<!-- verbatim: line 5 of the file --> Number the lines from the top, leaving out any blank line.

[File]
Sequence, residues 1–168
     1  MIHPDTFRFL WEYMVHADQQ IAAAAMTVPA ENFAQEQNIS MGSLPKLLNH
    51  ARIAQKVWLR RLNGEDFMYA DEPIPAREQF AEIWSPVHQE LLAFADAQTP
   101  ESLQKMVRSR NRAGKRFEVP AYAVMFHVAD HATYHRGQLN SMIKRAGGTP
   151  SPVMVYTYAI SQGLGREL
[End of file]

   151  SPVMVYTYAI SQGLGREL